March 21, 2022
Do monetary themed questions on standardized tests have a negative impact on students of low socioeconomic status?
New research shows that monetary themed questions caused students from lower socioeconomic backgrounds to perform worse on standardized tests.
Standardized testing has become an essential part of American public education, with the average student having taken an estimated 112 exams by the time they graduate from high school.
The stakes for students are high. Their test performances can determine everything from enrollment in advanced placement classes to whether they are accepted into college. Yet there is growing evidence that their scores can be shaped by factors other than mastery of the material.
In a paper in the American Economic Review, author Claire Duquennois investigates whether questions about money can have a disproportionately negative impact on students of lower socioeconomic status, regardless of their academic ability. Her findings highlight the complications of using high stakes testing, and how it may contribute to educational inequality.
“Particularly when you’re poor or when money is a constrained resource in your family and daily life, when I present some information to you that involves making a decision about money or thinking about money, that can trigger stressful thoughts or intrusive ideas that might be a distraction,” Duquennois said in an interview with the AEA. “That would not be a distraction for someone for whom money has just never been a serious issue.”
Most of the research around how poverty impacts cognition has been in experimental settings using psychological tests on adults. Duquennois wondered whether these impacts would show up in real-world scenarios with educational and economic repercussions for young people.
Monetary questions are standard on many math exams and provide students with tangible scenarios to apply mathematical concepts. Duquennois used the randomness of monetary questions on an international standardized math exam to determine whether they affected low income students differently.
She found that a 10 percentage point increase in the share of monetary themed questions led to a 6 percent increase in the performance gap with students from higher socioeconomic backgrounds. But it wasn’t just that disadvantaged students struggled on questions with dollar signs. Digging deeper into data from both the international exam and a US-based online homework platform, Duquennois also found that poorer students performed worse on the next few questions that followed monetary ones, evidence of what the psychology literature calls attention capture.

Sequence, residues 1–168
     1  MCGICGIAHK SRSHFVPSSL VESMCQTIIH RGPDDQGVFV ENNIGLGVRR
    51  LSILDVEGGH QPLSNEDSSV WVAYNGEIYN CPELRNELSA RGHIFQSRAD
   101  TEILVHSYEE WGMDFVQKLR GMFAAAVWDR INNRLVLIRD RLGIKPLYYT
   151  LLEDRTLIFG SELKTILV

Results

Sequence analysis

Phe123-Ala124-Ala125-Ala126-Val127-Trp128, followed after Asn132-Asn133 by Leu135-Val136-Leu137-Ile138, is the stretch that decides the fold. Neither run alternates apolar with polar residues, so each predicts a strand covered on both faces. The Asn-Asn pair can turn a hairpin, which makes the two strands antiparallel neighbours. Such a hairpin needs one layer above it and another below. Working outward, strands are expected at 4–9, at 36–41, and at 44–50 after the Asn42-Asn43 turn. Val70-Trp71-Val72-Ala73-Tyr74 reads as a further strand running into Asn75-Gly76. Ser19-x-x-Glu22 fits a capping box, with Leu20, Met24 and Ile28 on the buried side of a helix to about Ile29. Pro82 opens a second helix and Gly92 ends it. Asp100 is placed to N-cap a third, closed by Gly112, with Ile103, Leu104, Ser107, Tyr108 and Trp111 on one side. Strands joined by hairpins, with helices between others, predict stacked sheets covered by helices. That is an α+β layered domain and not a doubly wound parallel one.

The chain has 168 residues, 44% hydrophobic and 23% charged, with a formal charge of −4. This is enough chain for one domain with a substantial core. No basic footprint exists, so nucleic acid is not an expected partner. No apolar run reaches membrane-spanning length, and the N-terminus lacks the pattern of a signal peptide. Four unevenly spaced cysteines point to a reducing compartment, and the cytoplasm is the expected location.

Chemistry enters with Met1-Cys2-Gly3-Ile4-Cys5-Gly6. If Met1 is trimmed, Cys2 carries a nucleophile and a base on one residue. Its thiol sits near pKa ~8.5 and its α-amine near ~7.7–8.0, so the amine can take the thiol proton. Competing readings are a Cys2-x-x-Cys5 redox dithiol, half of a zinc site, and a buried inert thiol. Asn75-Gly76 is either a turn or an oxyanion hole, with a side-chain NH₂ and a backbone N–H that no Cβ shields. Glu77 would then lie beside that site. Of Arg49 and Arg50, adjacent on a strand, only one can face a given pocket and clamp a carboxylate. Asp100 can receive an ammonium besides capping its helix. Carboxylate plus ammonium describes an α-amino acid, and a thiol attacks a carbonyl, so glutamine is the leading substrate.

Particularly when you’re poor or when money is a constrained resource in your family and daily life, when I present some information to you that involves making a decision about money or thinking about money, that can trigger stressful thoughts or intrusive ideas that might be a distraction.
“It just stresses people out a little,” Duquennois said. “It distracts them from the task at hand and makes their performance go down a little.”
The stress seems to fade after a few questions, but the impact is still significant. Duquennois simulated the effects on a high school placement exam for students in Mexico City. She found that reducing the share of monetary themed questions by 10 percentage points would have led to an additional 128 students, or 2.7 percent, becoming eligible for high school.
Duquennois said she is not suggesting that monetary themed questions never be used. Rather, educators must simply be aware of these effects and consider them in coursework and testing. Also, test designers must be sure to understand what they want to measure.
“Obviously, if you really want to test whether a student can apply math to money, and that's a fundamental aspect of what you're trying to test, then you have to use that kind of question,” she said. “But if you’re [measuring] whether they’re familiar with mathematical operations, having that kind of monetary theme to the question could be putting certain students at a disadvantage.”
“Fictional Money, Real Costs: Impacts of Financial Salience on Disadvantaged Students” appears in the March 2022 issue of the American Economic Review.